(As another aside, clearly Jayne inspired today’s selfie-pout).
The desire to steal his shirt didn’t end in the 1950s. Diane Keaton’s Annie Hall style showed up in the 1970s, creating a wave of skinny-tie-and-vest wearers. Women tucked shoulder pads under the bigger shoulders of men’s shirts and jackets and belted them tightly to create the signature silhouette of the 1980s. The 2000s brought the rise of thrifted style. Countless women reworked shrunken men’s Pendletons into their looks. And when we introduced our Fitted line, market intelligence informed us that a surprising amount of these slimmer-cut shirts were selling to women. Women still love wearing Pendleton men’s shirts.
When we decided to celebrate our Nine Decades of Pendleton Wool Shirts, we knew that women would want to celebrate this milestone, too. So we developed three Decade Shirts for women using plaids from our archives.
Three styles, five fabrics, all available at pendleton-usa.com. The Prineville is a popover with a 3/4 placket. The Ranch Hand is based on our Men’s Canyon model, the original High Grade Westernwear shirt. The Ponderosa uses our beautiful Sir Pendleton worsted fabric, meaning there’s almost a mile of yarn in every shirt.
To finish things nicely, because we love to do that, each shirt has a special Decade Shirt label in the placket. We wanted to give you everything you love in our Men’s shirts with Women’s more fitted shaping.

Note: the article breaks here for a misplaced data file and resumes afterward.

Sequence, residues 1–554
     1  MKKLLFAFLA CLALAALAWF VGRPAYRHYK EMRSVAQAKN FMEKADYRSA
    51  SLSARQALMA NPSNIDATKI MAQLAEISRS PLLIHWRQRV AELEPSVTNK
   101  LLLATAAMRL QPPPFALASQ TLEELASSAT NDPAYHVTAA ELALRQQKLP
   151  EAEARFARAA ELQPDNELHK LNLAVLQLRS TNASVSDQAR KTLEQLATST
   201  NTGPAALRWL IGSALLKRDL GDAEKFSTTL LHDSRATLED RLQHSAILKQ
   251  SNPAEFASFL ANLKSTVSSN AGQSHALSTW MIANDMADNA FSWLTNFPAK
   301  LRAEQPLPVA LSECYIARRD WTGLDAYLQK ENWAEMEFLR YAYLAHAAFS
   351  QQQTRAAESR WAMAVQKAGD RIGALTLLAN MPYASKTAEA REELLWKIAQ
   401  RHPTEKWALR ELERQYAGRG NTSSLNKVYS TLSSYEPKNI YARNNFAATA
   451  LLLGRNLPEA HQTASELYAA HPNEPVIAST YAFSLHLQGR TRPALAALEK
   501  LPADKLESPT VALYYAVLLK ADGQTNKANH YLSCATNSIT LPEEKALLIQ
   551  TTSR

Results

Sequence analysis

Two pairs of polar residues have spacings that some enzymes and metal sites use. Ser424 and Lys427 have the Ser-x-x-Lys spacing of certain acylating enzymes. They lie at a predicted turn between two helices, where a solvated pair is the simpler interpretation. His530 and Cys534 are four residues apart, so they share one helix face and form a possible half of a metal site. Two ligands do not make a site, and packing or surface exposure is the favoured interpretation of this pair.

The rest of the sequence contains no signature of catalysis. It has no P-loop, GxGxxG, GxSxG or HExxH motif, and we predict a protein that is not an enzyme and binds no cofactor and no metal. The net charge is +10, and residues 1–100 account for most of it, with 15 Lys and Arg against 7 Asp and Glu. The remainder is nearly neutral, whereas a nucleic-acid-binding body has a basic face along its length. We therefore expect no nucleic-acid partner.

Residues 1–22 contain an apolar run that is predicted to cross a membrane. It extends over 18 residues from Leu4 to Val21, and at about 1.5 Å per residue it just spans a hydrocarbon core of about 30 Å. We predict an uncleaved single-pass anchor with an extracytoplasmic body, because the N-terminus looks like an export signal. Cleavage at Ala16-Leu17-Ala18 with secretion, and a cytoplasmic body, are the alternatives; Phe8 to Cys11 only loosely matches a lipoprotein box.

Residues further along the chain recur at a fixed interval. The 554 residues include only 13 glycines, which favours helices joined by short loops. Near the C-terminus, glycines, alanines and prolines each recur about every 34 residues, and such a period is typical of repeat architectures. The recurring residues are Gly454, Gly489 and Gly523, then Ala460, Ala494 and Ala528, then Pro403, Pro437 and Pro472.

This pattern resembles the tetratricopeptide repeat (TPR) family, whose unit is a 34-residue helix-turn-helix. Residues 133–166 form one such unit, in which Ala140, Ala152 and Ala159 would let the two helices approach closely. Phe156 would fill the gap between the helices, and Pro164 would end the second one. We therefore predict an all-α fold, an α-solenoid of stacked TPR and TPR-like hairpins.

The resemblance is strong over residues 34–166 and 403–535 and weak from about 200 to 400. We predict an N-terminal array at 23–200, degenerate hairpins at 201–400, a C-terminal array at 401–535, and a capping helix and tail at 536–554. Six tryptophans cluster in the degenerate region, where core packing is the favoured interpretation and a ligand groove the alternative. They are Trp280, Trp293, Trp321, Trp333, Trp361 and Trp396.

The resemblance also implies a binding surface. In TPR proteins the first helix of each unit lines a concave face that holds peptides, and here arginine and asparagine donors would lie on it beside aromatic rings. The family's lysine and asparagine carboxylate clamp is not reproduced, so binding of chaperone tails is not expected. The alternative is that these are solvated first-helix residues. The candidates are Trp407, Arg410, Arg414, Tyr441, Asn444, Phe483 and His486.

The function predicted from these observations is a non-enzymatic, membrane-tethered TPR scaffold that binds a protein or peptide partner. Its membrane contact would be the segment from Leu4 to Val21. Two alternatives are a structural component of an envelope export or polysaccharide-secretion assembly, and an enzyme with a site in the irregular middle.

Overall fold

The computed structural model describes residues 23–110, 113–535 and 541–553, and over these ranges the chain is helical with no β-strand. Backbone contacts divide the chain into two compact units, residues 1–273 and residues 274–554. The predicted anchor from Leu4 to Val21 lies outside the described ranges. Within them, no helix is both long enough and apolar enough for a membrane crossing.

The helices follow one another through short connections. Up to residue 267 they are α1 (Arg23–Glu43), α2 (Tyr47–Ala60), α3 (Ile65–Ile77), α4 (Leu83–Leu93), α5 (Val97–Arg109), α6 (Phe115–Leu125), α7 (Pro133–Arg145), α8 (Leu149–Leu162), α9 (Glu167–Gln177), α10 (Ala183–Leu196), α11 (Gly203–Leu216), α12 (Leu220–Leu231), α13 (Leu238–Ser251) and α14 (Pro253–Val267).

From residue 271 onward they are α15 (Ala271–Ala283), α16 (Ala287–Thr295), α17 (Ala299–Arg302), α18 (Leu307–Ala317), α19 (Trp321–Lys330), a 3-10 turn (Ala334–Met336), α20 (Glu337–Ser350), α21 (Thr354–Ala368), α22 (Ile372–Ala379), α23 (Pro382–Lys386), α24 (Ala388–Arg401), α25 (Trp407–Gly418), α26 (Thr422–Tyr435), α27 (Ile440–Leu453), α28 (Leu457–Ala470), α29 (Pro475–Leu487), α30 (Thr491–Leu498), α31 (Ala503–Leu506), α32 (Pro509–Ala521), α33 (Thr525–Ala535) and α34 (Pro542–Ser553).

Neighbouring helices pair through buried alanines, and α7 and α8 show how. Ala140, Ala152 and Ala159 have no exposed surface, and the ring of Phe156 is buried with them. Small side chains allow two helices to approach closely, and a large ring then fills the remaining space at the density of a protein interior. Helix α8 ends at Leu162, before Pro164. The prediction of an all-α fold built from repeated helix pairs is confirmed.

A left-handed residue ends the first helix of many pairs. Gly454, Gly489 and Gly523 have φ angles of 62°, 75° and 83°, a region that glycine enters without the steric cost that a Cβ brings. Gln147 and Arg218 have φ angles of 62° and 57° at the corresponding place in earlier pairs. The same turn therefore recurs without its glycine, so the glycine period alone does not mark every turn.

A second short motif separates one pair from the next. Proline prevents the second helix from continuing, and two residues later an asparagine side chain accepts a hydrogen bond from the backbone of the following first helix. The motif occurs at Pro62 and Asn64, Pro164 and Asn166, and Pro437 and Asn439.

Here are the Decade Shirts for Women in action.
You can see the special Decade label in the shot above. Copyright 2014, Lauren Field All rights reserved by Pendleton Woolen Mills
Copyright 2014, Lauren Field All rights reserved by Pendleton Woolen Mills
Copyright 2014, Blaire Russel All rights reserved by Pendleton Woolen Mills
Copyright 2014, Travis Hallmark All rights reserved by Pendleton Woolen Mills
Our Decade Shirts for women celebrate our past and inspire our future. But even so, we know from experience that you’ll continue to steal his shirt.
We’ve seen Pendleton on Mad Men’s men, in robes and Topsters. Peggy disguised her pregnancy under the waistband of an ever-higher Pendleton reversible skirt–or Turnabout as it was called back then.
Time has passed in the world of Mad Men, and the characters are wearing miniskirts and bell bottoms. As always, the costumes are pitch-perfect. And, as always, we will be watching–for just as long as we can.
Pattern mixing can be subtle, daring, or just plain fun. Here are some celebrities doing the complicated work of mixology.
Of course, it helps to have personal stylists. Here are some stylists and bloggers who work their patterns perfectly.
Give you any ideas? We hope so. We’re mixing it up for Spring at http://www.pendleton-usa.com; tweed with polka dots, plaids with our very-Pendleton Native-inspired patterns.
A brand builds a base in many ways. Pendleton has been around long enough that we have fans who’ve been shopping with us since the second World War. We also have generations of brand fans who have come to us through vintage shopping.